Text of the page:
Airline seats not being big enough for you (etc.) is not discrimination. It’s not bullying. Those are serious labels. Not supporting obesity is not equivalent to racism, homophobia, sexism, etc. Those are things out of someone’s control. You being fat is not equivalent to you being born a paraplegic. Trying to put your size on the same level as other serious issues like this is delusional, egotistical, and just plain bullshit.
Thin is not a privilege. Some people are born with different metabolisms (if yours sucks, blame your parents, it’s not an accident), but everyone can take charge of their own lives and well-being. I was born with a good metabolism because my mother is a health nut; my husband wasn’t because his mother did drugs during her pregnancy and fed him nothing but junk food until he left home. His once-obese size was not ”hereditary”! It was built. He had learned habits, not a “genetic condition”. He now looks like this, is healthy as a horse, and yeah, he has to work a lot harder than I do to stay healthy, but we both still have to work. Don’t you dare tell me I’m some “privileged” elitist, because I work out regularly (which I often hate, by the way; thin people often hate working out too, you know!) and discipline myself to a very healthy vegan diet — which is not easy. Being healthy isn’t easy, for anyone. And it’s not about being thin - you can be thin and unhealthy. But you can’t be significantly overweight and healthy. Period.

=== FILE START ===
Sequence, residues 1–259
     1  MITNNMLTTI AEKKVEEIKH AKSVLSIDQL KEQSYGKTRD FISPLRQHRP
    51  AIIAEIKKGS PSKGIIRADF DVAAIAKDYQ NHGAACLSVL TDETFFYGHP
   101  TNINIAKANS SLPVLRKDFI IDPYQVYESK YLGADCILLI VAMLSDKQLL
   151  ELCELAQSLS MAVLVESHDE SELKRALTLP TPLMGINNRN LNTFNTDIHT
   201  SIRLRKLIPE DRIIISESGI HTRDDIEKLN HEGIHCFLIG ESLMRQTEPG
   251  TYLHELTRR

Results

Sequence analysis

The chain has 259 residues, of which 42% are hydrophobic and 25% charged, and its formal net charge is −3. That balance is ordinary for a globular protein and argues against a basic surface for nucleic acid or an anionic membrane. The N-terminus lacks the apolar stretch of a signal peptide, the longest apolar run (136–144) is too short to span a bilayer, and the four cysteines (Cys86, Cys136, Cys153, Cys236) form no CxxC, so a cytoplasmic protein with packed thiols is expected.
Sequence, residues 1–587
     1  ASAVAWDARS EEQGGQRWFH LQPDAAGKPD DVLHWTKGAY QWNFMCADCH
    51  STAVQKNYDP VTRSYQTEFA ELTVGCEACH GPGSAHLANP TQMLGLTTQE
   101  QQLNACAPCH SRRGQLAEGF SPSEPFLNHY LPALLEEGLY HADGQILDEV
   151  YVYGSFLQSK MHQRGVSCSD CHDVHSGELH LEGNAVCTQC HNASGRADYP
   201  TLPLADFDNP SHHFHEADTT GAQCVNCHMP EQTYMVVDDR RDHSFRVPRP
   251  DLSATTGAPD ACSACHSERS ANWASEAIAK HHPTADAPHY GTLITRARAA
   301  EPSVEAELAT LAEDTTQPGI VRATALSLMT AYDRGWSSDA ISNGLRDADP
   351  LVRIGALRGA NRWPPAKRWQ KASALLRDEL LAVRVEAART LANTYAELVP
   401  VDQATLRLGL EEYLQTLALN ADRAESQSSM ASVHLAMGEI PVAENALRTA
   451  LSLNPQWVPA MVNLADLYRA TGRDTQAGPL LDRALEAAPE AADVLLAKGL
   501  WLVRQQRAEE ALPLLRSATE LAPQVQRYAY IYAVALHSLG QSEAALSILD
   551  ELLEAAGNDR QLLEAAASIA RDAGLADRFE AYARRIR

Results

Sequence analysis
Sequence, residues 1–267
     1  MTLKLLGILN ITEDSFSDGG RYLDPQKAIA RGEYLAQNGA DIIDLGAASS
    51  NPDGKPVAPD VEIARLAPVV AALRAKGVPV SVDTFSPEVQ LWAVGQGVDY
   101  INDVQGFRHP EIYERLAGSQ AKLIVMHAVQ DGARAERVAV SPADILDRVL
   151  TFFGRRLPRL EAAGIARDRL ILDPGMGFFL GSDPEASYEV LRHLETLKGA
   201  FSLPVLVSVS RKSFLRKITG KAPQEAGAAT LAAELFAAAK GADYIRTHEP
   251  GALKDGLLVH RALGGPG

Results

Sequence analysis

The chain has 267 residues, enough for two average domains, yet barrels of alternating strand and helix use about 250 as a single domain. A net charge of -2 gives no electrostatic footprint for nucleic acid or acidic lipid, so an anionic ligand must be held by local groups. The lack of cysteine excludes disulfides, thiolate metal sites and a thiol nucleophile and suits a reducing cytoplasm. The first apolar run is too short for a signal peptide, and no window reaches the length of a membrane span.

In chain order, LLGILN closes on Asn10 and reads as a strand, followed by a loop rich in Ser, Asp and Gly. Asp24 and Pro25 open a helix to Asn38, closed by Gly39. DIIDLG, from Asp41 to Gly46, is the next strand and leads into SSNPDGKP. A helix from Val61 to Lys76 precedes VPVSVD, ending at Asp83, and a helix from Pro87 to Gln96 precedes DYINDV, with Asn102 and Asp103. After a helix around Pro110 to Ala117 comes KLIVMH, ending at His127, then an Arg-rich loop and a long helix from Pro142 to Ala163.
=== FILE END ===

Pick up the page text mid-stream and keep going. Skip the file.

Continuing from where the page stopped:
Weight issues are real. I get it. It’s much harder for some than for others, and I do sympathize with the struggle. But your biggest potential enemy is ignorance. The last tweet in this article comments about the “myth” of how X disease will go away after losing weight; well, do the research. It’s not just about weight, but many people’s disorders, diseases, and illnesses have disappeared after reshaping their life and becoming healthy. My husband was diagnosed with degenerative disc disease when he was younger (and larger); after he lost weight and strengthened his body, it disappeared. It’s been gone for years.